Saturday, May 14, 2016

Amazon's Blitz Introduction of #IoT In Your Home, And At Your Fingertips ...

Amazon had an amazing moment recently: they put a form of #InternetofThings within the reach of everyone’s fingers, and sold out almost immediately. While, on the other hand, if you went out on the street and asked any person you saw what they think of the Internet of Things, your results would be most probably kind of meager.
You’ve got to admit, it shows there are pretty bright minds at work there.
How did they do it? I can’t say they told me, but I know they did follow B.J. Fogg’s behavioral change model. Professor Fogg says, in his famous model, that change behaviour (i.e. make people actively use IoT - of some kind), depends on three factors:

1. Motivation
2. Ability
3. Trigger

It’s kind of easy to see how #Amazon put this to work for their new #IoT #DashButton:

Ability: is very low threshold: it must be the easiest way to get what you want on the market today: making a call for a taxi, starting up the uber app for an uber, dialing a number and waiting for a weird conversation on pizza’s: all this is much simpler if you only need to push a button to when you know what you want to get.

Motivation: is kind of easy, but also mixed with ability. Because the button is simply “really easy”: the sheer fact that it is easier (than your “tradional way” to get things done) both lowers the ability needed to use it, and motivates you to not only use it, but get it in the first place. Most of us are lazy in some distant corner of our personality. But you can call it optimisation of energy, if you want.

Trigger: is the easiest one. If you make something that makes it easier to come by what you need, you only piggyback on the need people have to (repeatedly) buy what they already wanted to buy, which is what they will program the button for anyway. If you buy an amazon button for Pampers, it’s really because you need A LOT of Pampers, and want to make it less complicated to get them. Same goes for the IoT button: it’s what you program it for that motivates you. And face it: Amazon just reuses your existing motivation for the product or service, channels it throught your lowered “ability”, and points it to their huge already existing marketplace.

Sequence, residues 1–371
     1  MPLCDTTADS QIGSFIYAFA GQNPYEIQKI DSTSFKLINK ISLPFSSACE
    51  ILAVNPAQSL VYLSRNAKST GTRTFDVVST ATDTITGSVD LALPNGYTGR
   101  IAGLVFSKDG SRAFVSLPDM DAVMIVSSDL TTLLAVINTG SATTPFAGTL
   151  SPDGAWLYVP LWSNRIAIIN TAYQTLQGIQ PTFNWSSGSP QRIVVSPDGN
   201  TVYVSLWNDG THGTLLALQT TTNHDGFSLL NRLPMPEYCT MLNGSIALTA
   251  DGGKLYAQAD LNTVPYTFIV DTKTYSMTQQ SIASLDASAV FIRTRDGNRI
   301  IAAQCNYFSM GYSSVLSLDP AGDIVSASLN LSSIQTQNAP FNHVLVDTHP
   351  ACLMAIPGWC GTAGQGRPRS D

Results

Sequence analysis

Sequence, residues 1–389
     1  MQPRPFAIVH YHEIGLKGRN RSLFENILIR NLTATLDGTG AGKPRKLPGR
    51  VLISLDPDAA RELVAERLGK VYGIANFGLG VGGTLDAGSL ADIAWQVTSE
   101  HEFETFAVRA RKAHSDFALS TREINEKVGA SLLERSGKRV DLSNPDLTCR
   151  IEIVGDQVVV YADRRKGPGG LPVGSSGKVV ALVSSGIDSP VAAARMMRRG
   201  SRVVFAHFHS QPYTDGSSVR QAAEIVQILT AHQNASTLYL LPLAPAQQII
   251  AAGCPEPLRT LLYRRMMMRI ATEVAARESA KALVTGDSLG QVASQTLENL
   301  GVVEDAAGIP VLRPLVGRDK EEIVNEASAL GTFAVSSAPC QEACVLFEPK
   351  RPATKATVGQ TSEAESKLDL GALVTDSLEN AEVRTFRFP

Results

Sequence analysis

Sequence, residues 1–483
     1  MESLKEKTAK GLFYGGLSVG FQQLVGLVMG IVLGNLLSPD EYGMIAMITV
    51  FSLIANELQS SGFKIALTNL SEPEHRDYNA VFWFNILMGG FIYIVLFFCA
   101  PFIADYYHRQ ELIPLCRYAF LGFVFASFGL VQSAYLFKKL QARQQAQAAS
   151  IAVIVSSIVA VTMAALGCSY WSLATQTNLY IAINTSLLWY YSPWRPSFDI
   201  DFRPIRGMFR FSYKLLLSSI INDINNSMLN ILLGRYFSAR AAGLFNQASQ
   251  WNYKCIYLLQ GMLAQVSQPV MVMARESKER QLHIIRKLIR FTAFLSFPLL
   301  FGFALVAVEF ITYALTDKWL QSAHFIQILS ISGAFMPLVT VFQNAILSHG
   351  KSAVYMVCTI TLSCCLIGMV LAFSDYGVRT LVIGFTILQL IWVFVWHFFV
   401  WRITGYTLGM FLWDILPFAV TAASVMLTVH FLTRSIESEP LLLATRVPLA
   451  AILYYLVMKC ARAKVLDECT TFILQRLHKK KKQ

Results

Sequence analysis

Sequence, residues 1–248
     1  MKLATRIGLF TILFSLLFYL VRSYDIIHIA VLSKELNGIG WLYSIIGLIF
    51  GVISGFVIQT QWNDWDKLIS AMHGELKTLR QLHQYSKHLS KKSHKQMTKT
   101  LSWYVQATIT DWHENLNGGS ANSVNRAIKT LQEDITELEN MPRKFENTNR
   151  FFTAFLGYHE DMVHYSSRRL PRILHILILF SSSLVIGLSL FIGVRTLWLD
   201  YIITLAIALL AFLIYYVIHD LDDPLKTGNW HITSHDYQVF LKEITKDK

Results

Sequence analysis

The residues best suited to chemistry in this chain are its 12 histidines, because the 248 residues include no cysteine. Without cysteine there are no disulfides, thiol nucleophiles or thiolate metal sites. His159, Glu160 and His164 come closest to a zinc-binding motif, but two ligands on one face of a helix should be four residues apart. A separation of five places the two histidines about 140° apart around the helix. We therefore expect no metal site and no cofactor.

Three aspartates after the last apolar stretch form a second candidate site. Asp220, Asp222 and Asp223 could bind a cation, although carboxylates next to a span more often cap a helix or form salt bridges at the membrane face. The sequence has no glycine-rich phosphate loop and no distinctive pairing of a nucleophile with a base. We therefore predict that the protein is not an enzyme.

They weren’t the first ones, weren’t they? Yeah, but they do have a huge audience, and thus a humongous test lab. Le’s be honest: follow the crowd, and you’ll end up at Amazon some time ...

But still, in the realm of IoT, this is a pretty impressive milestone to popularize even just a facet of this technology. And in such a way, most people even don’t know they’re using it.

That’s art.
Believe me: to be continued.

Greetings from Brave Little Belgium.

Thanks to professor BJ Fogg from #Stanford for his interesting model.
BJ Fogg Behavior Model GrapicPasted image at 2016_05_10 02_34 PM

Thursday, November 21, 2013

The New Reality: Emergency Management Needs To Completely Embrace Social Media.

Emergency Management follows the rest of society. The Citizen Reporter is a fact. 

Information goes viral and spreads horizontally. Not using  social media as an output is missing many opportunities. Not using them as an imput is denying reality. 

Reality is a function of the information on people, facts and places that reaches us: Communication expands reality. Conversation shapes Society. Just like the drums did in Africa, the smoke signals in China, and the light signals from airships, or the flags from boat to boat, and the messenger pigeons since ages. You can only take into account the information that reaches you. Not using the medium, means less information (which for Emergency Managers, is not acceptable). If a new medium finds its way into society, it changes reality. 

Social media are doing this profoundly. Not embracing it, just because of it imperfections, would be loosing contact with society. 

We've got to keep up with the Joneses. Even if  it means rethinking a lot of existing conventions. 

Social media are changing the way society and people are functioning in such a profound way, that we will only afertwards be able to understand. 
And believe me, a past without social media, will someday be harder to understand (for your grandchildren), than a past without radio. 
Times they are a changin!
And for Emergency Managers, probably more than you're thinking right now ...

Thursday, November 14, 2013

The Humanisation of #SMEM and #VOST by #QCRI and @PatrickMeier.

I'm quite impressed by @PatrickMeier and #QCRI. But not in the way I expected. Like many, I read his blog posts eagerly, as they contain not only their more than interesting views and reports, but also views on and references to the work of so many others working in the same wonderland of a (battle)field.

I think QCRI spoils us with interesting stuff, in the sense that we’re not easily dazzled anymore. But in his last post, Mr. Meier did something remarkable, and possibly even more game changing than the work he does itself. He was able to do something that really matters, from a professional point of view, and also impacts many other efforts done in the sector of #CrisisCommunication, and #SocialMedia in Adverse Events in General:  He humanized the process.

His last effort, and the way it is realized and reported, gives an understandable overview, of how any everyday person with a smartphone can finally do something that matters.